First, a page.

Type # 6. Follow Board Patterns:

The patterns having thin sections, (Refer Fig. 3.8), tend to get distorted or col­lapse during ramming. Sagging of thin pattern due to ram­ming can be easily overcome by constructing a supporting block (follow board) which may fit inside the pattern to serve as a support during ramming.

Follow-Board Pattern

Type # 7. Sweep Patterns:

Many patterns of symmetrical and regular shape, usually of large size, may be constructed by the use of sweep pattern (which has the shape correspond­ing to the shape of the desired casting) which sweeps the desired shape into the sand mould thus eliminating the need for costly three dimensional patterns. The sweep pattern is arranged to rotate about a central axis on a needle.

Sweep Patterns

Type # 8. Segmental Pattern or Part Pattern:

Segmen­tal patterns are sections of a pattern arranged in such a manner as to form a complete mould by placing the segmented patterns in the mould suitably. These are generally used for circular work, like rings, wheels, rims, gears, etc.

Segmental Pattern

Type # 9. Skeleton Pattern:

For very large castings solid patterns would require a tremendous amount of timber, which may not be economical, particularly, if the castings required are less. In such cases the pattern is made of wooden frame and rib construction (skeleton) so that it will form a partially exterior or interior outline of the casting and provide the general contour and size of the desired casting.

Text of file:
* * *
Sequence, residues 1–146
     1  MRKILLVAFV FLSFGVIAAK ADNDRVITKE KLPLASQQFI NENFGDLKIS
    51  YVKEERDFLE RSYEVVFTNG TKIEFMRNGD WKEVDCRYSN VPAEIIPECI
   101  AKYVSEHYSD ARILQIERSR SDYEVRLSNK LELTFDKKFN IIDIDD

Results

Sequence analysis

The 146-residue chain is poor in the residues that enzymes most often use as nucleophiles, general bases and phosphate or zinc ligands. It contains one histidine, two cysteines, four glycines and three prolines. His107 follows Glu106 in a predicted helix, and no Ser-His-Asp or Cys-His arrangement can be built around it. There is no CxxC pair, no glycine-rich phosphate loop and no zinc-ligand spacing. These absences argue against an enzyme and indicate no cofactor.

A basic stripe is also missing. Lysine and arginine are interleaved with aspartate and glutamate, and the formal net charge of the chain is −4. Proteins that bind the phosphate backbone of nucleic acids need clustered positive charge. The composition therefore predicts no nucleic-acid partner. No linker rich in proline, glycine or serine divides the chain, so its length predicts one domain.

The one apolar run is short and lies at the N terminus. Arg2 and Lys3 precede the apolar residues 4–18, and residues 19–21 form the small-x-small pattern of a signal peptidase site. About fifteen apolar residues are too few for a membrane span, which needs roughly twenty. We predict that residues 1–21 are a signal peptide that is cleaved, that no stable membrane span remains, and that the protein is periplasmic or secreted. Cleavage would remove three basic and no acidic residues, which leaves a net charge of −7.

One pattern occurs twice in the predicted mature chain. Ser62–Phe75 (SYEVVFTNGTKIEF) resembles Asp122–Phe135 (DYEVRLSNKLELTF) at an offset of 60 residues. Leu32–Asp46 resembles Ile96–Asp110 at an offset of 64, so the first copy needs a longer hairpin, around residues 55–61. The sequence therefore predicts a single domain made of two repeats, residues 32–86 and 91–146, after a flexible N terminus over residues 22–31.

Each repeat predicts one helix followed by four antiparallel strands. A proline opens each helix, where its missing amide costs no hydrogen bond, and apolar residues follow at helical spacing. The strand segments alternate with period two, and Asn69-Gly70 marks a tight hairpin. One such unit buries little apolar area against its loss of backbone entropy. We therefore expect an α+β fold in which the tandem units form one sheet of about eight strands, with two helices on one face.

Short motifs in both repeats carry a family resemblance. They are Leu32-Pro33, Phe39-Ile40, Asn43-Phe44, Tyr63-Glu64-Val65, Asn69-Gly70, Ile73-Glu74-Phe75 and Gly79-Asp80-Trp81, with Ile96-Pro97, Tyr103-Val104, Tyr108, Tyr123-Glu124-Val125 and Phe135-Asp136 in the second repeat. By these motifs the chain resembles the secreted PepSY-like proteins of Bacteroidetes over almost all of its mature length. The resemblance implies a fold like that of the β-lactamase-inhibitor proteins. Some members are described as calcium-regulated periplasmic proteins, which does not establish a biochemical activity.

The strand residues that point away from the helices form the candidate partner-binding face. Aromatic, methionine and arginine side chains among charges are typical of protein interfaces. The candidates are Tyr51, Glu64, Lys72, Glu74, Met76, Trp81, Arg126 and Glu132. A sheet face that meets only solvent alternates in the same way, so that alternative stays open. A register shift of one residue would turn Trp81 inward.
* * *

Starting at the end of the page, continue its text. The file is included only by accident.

Skeleton Pattern

Type # 10. Shell Pattern:

Shell pattern is usually mounted on a plate and parted along the centre line, the two halves being accurately doweled together. Usually, these short bends are moulded and cast in pairs. This type of pattern is largely used for drainage fittings and pipe work. (Refer Fig. 3.12).

Shell Pattern

Type # 11. Built-Up Pattern:

Built-up patterns are composed of two or more pieces. For special pulleys, patterns are built- up of segments of wooden strips. The segments are made by cutting strips of wood to the curvature required. The thick­ness desired is built-up by gluing them in layers. Flanges are also made similarly. Such patterns are used to make in­tricate shapes because it is easier to build-up the shape by gluing or joining number of segmental pieces together.

Type # 12. Boxed-Up Pattern:

It is a box-like pattern in which planks or strips of wood are joined together either by glue, nails, or screws. This method economises wood for large patterns and makes them lighter in weight.

Type # 13. Lagged-Up Pattern:

Cylindrical patterns e.g., barrels, pipes or columns are built up with lag or stave con­struction to ensure proper shape. Longitudinal strips of wood, called ‘lags’ or ‘staves’, are bevelled on each side and glued to the wooden end pieces called ‘heads’ as shown in Fig. 3.13.

Lagged-Up Pattern

Type # 14. Odd Shaped Pattern:

An odd side cope or false cope is used, when the shape of the casting does not produce a convenient flat split in the pattern, such as in a cranked lever. The pattern is solid and an odd side (or false cope) is used to assist in providing of a contoured split between cope and drag as shown in Fig. 3.14. The odd side is often made of plaster of Paris.

Odd Shaped Pattern

Type # 15. Skeleton Pattern:

It resembles from outside cor­responding to the shape of the casting but otherwise is a simple wooden frame. It is used for large castings having simple geometrical shapes and its purpose is to guide the moulder for hand-shaping the mould.

In the design of such patterns, which make use of cope and drag, the large portion should be accommodated in the drag because the moulding sand has greater strength in compression than in tension. Further, since the loose sand defects are more frequent in cope, the critical surfaces should also be included in the drag.